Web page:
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Contrary to what society has often led us to believe, the phrase “I love you” does not always clarify what two individuals in a relationship mean to each other. Although those three words can express a sincere sentiment, their ubiquity also makes them ripe for misuse. Part of that, I think, has to do with vague definitions: There is no universal understanding of love, and as a result, “I love you,” once uttered, can hang in the air, its meaning up for grabs.
In Acts of Love, the directors Isidore Bethel and Francis Leplay try to ground love, or tether it to a distinct set of emotions or actions. Premiering at the Hot Docs Canadian International Documentary Festival, this exciting, genre-bending film explores the slow unraveling of a relationship between Bethel and his older boyfriend. The doc opens with a sequence of iPhone photos of varying degrees of quality — an aerial shot of a neighborhood block, a harsh crop of the back of a man’s head at what appears to be a gallery. These images are accompanied by a chillingly neutral voiceover by Bethel, recounting how he met his lover and describing their tenuous relationship. “Now it’s summer, you’re traveling and so am I,” he says. “You made no promises about seeing me again, but I can’t stop thinking about you.”
Post-break-up (if you can call it that), Bethel flies from Mexico City, where he met his lover, to Chicago. The ambiguous nature of their relationship inspires him to make a film — an undefined project driven by the men he invites to audition through his dating app profile. “The guys who came in have agreed to act in a film with me, they don’t know what it will be about and neither do I,” Bethel says addressing his ex. “Maybe I’m making it in spite of you or maybe it’s for you.” The title card drops and the film begins.
Acts of Love is a directionless project, or so Bethel repeatedly says during his chats with these strangers. But in reality, the film follows a pretty clear narrative arc. It poses tough questions, yes, but those feel like natural attempts to understand intimacy in a relationship where boundaries are never made clear. Bethel chats with 900 men and meets 12 in person before deciding on the four who will be in the film. Their conversations start in Bethel’s studio and cover a lot of ground: They discuss how Grindr has changed their views on dating and courtship, their waning libidos, their sexual preferences and subcultures and their ideas about art. The interactions mirror the qualities of a first date: flirty, choppy, a little awkward and then, at times, intensely clear and erotic.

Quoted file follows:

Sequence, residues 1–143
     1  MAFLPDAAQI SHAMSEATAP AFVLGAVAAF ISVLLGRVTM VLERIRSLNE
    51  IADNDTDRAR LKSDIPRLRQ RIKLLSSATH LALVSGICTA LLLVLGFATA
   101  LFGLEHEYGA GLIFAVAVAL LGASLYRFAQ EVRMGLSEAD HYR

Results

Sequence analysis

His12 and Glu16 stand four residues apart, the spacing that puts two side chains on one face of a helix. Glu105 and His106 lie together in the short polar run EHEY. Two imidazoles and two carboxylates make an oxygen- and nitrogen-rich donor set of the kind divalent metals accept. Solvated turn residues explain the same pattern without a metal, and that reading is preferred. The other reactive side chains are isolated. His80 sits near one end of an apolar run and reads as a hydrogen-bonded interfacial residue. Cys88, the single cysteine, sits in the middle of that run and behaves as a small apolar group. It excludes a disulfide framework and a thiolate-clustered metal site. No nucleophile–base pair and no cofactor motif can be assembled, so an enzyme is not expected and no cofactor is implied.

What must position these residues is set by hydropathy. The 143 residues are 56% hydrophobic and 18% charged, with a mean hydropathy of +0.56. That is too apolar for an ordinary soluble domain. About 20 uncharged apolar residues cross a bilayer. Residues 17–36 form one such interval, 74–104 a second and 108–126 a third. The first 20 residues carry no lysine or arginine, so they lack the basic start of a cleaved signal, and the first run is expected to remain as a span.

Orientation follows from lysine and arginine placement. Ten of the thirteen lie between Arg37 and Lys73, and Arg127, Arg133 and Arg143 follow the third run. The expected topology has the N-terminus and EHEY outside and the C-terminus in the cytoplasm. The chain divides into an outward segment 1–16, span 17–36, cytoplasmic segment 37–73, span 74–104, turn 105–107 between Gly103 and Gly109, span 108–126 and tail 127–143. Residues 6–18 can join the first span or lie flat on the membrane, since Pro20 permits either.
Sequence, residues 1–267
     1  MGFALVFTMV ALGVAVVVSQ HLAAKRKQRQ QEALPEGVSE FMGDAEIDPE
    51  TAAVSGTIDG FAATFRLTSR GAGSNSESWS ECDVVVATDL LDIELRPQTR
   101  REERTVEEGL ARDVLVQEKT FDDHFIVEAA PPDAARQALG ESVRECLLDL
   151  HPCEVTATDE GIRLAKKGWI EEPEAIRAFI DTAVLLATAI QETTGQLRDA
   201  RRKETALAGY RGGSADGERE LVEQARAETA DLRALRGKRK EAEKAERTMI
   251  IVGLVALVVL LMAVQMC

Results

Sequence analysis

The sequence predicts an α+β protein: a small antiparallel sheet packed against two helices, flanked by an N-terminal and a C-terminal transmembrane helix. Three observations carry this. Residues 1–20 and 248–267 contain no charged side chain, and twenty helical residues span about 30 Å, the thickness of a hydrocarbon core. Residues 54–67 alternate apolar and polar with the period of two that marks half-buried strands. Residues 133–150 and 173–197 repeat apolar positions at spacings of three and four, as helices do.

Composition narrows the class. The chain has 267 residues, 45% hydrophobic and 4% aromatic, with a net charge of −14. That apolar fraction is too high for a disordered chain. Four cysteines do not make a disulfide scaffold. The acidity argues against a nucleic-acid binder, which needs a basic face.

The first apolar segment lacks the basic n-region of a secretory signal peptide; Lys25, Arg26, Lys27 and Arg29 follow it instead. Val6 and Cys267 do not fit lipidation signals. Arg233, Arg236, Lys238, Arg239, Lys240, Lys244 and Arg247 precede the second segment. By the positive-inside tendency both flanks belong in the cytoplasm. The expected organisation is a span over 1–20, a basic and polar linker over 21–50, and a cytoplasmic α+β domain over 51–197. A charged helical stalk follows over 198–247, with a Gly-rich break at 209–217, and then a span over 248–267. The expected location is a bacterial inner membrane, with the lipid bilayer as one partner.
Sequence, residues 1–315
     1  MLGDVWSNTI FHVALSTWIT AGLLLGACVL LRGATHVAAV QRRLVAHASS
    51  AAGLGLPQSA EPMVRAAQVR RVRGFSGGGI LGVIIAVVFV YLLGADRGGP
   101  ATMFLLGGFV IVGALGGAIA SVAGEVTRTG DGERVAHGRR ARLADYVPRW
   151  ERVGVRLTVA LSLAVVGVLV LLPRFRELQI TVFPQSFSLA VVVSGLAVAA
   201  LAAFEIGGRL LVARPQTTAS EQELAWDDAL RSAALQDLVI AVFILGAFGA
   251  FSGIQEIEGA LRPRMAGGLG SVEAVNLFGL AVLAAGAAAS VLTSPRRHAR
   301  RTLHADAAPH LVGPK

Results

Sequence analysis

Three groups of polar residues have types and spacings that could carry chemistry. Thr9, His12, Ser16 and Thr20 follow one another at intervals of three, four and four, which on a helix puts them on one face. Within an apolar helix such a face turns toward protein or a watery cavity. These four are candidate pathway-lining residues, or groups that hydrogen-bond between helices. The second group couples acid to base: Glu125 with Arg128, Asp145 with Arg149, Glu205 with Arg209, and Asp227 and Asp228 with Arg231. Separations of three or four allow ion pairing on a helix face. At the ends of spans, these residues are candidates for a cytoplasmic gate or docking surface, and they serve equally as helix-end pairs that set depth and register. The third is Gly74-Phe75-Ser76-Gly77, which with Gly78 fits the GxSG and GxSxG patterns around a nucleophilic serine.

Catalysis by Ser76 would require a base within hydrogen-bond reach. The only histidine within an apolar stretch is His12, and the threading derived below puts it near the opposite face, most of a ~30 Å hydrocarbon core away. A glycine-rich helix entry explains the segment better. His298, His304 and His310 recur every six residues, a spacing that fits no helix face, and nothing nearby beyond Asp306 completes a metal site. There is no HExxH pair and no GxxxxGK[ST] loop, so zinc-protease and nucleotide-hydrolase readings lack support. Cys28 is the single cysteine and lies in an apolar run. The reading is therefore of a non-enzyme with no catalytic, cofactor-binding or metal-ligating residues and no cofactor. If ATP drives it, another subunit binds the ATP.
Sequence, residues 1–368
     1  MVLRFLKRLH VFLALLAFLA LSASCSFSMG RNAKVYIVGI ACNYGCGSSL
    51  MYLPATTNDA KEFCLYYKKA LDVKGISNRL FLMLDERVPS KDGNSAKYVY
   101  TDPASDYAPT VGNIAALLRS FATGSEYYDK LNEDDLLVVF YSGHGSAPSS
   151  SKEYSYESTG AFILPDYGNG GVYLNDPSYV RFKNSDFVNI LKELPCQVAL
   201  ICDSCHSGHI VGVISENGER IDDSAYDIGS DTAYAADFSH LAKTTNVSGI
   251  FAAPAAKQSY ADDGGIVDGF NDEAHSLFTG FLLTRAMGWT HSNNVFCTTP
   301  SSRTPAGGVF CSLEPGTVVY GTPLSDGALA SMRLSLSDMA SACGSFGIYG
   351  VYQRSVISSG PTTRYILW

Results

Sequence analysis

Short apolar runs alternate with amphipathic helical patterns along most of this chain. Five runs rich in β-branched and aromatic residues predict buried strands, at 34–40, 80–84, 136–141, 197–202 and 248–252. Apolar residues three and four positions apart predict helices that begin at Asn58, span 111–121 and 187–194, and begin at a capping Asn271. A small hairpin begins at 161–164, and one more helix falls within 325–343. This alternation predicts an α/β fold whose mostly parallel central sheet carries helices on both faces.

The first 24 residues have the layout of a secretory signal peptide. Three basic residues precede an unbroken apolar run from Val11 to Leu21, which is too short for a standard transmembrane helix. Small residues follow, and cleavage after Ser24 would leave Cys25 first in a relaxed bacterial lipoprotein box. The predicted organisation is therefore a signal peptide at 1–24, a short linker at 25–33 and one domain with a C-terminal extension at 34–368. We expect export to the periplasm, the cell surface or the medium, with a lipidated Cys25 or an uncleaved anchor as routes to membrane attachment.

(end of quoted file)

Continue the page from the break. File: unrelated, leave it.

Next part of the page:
After these studio meetings, the doc moves in a more experimental direction. The “actors” are given scripts, inspired by those early encounters, and asked to perform scenes with Bethel. It’s during these keenly vulnerable and sometimes unusual moments that Acts of Love stands out in its exploration of attraction, desire, sex and intimacy. We witness these men figure out their relationship to Bethel in real time. The film teases the line between reality and fiction, forcing viewers to not only pay attention (“Was that interaction scripted or not?”) but also to acknowledge the performance inherent in courtship. When it comes to dating and intimacy, aren’t we all pretending just a little bit?
To balance out these heady questions and keep the project from falling into pretension, Bethel and Leplay include clips of Bethel talking to his mother over the phone. Bethel’s mother — caring, but cautious — presses her son, asking him to consider the ethics of his film and what he hopes to gain from the project. “Think long and hard about what you’re doing,” she says at one point, “and what the consequences are, and if you will be happy with them.” She introduces questions about living the private details of his life publicly, potentially crossing boundaries with these men and wondering out loud how much of the enterprise is simply fueled by narcissism.
Acts of Love’s earnest effort to respond to these queries makes it fascinating to watch. Parts of the film feel like a desperate plea to get the person Bethel loves to show they care; other parts wrestle with the pain involved in moving on. At one point, Bethel’s ex-boyfriend comes back in the picture, and this attempt at reconciliation understandably throws Bethel off. The film thrives on moments like these, when it can use the messiness of relating to another person to more precisely define love: Is it a noun, something concrete that can be acted upon? Or a verb, shifting and evolving with time? The project doesn’t push a specific answer, but proves that it’s worth taking risks — in art and in romance — to figure that out.
Distributor: Outplay Films
Production companies: Hutong Productions, Sin Sitio Cine
Directors: Isidore Bethel, Francis Leplay
Writers: Isidore Bethel, Francis Leplay
Producers: Isidore Bethel, Francis Leplay, Jamie Gonçalves, Lucie Rego, Pauline Tran Van Lieu
Director of photography: Ryan Saunders
Editor: Francis Leplay
Sound recording: Alex Sherman
Sound editing: Margot Testemale
Sound mix: Fanny Weinzaepflen
Color grading: Aurore Toulon
Still photography: Katherine Finkelstein
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